HHS Denial of Care Rule FAQ

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Victory! On November 19, 2019, the court in Lambda Legal and partners' case, County of Santa Clara v. HHS, vacated the so-called “conscience” rule in its entirety. The Denial-of-Care Rule was part of the Trump administration’s repeated attempts to exclude LGBTQ people from receiving life-saving healthcare, but we stopped the rule from taking effect.

On May 21, 2019, the Trump administration published the final rule titled Protecting Statutory Conscience Rights in Health Care; Delegations of Authority. Or, more accurately, the Denial-of-Care Rule.

We fought back, and we won.

Q: What does the Denial-of-Care Rule do?

The Trump administration’s Denial-of-Care Rule invites health care workers to impose their religious beliefs on patients, arbitrarily deciding who receives care and who doesn’t. The Rule specifically targets reproductive health care for women, and gender-affirming care for transgender patients, but it invites religiously-motivated denials of health care to anyone. Virtually any health care worker is empowered to deny care – the intake coordinator at the emergency room, an orderly in the hospital, the pediatrician treating an infant, the surgeon in the OR, the nurse taking blood, or the EMT answering a call to someone’s home.

The Rule applies to medical facilities that receive certain types of federal funding through the U.S. Department of Health and Human Services (HHS), which includes most health care facilities across the country. The Rule has a particular impact on health care providers that serve the LGBT community because these facilities are disproportionately likely to receive vital federal funding through the Ryan White CARE Act for HIV treatment and prevention, and participate in public health research funded by the National Institutes of Health and the Centers for Disease Control and Prevention. The Rule threatens these facilities with loss of federal funding, including Medicaid and Medicare reimbursements, if they enforce their own nondiscrimination policies, and insist on patient care that meets medical standards of care and ethical requirements, rather than let their employees arbitrarily deny care to patients. The Rule contains no exception for medical emergencies. Moreover, the Rule would even allow objecting employees to refuse to refer patients to other providers where they might get treated.

Q: What is the purpose of the Rule?

The Rule purports to protect the conscience rights of health care providers, but its real aim is to circumvent anti-discrimination laws and policies and facilitate discrimination. The Rule’s intent is to intimidate health care facilities into doing away with reproductive and LGBTQ services, leaving millions without access to critical health care. The rule threatens health care providers who don’t comply and is so confusing and unworkable that facilities could stop providing certain care for fear of losing funding. This rule could debilitate health care systems across the country.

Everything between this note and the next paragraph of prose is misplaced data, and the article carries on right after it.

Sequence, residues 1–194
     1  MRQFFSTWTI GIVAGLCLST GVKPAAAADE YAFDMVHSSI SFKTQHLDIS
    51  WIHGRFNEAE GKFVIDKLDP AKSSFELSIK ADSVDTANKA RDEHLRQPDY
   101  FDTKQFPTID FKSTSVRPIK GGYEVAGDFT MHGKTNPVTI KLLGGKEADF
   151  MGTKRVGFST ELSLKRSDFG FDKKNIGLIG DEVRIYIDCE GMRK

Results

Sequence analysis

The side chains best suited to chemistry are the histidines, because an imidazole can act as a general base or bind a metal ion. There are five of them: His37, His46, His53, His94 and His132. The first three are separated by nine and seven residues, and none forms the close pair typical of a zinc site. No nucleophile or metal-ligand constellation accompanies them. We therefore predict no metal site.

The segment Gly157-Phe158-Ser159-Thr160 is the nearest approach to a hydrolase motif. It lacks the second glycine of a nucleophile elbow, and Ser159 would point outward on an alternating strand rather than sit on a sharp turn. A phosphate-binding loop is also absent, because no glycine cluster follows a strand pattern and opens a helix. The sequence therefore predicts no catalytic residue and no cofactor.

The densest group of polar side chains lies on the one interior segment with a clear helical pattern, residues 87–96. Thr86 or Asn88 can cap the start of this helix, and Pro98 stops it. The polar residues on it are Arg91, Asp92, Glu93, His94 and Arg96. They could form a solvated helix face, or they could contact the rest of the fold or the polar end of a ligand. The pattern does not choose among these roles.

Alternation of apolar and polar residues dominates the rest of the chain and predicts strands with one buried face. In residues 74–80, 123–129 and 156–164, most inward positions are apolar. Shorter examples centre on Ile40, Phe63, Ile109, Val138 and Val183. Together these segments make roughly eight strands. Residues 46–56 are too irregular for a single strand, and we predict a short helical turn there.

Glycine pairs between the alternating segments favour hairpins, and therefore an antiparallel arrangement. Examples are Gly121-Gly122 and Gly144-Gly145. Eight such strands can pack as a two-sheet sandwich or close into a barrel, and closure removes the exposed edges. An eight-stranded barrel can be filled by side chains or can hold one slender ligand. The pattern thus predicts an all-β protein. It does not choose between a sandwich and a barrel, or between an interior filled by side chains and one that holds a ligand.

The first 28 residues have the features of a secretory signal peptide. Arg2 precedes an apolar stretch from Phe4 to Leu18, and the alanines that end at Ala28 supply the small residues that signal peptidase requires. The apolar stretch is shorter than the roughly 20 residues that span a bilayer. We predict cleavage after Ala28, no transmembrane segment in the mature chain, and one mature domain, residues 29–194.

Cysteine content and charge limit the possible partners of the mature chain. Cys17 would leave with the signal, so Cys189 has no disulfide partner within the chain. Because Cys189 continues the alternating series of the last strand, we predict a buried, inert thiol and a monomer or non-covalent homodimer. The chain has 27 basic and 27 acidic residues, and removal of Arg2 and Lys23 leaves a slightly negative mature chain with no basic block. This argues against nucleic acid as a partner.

Q: Whom does the Rule target?

The Rule specifically targets reproductive health care for women, and gender-affirming care for transgender patients, but it invites religiously-motivated denials of health care to anyone . The Rule will have a particular impact on LGBT people and people living with HIV because the most draconian aspects of the Rule apply to facilities receiving federal funding through the Ryan White CARE Act for HIV treatment and prevention. It also will have a disparate impact on members of rural and disadvantaged communities with already limited access to health care resources. The Trump administration in fact acknowledges these likely impacts in the preamble to the Rule, but argues, without any evidence, that the Rule nevertheless is justified because more practitioners will enter the health care field (now that their ability to discriminate is protected).. In other words, the administration claims the Rule is a good thing, even though LGBT people and those in need of abortion care will suffer, because patients who don’t need abortion or gender-affirming care will have greater options as an increased number of discriminatory providers enter the field.

Q: Is this Rule necessary to protect freedom of religion so no one would be forced to perform a procedure that violates their religion?

No. There are already protections for the religious beliefs of medical professionals under federal law. These existing protections shield rights of conscience while ensuring that patients get the care they need. Under these protections, health care facilities can accommodate employees with religious objections while ensuring that patients receive the care they need. The new Rule disrupts these policies at the cost of patient care. Medical ethical requirements, standards of care, and accreditation requirements for hospitals currently prohibit discrimination against patients and require medical professionals to ensure that their patients get medically-necessary care. This Rule threatens to violate basic ethical rules and standards of care governing the medical profession.

Moreover, this Rule could grossly expand the ability of numerous individuals not directly involved in providing care to delay and reject patients. The reality is that LGBTQ people, women seeking reproductive health care, and people living with HIV already face frequent discrimination when seeking health care. The government should be protecting patients’ rights, not facilitating discrimination.

Q: How will the Rule impact the LGBT community?

For members of the LGBT community and people living with HIV, interactions with the health care system are already fraught. The Rule dramatically increases that tension.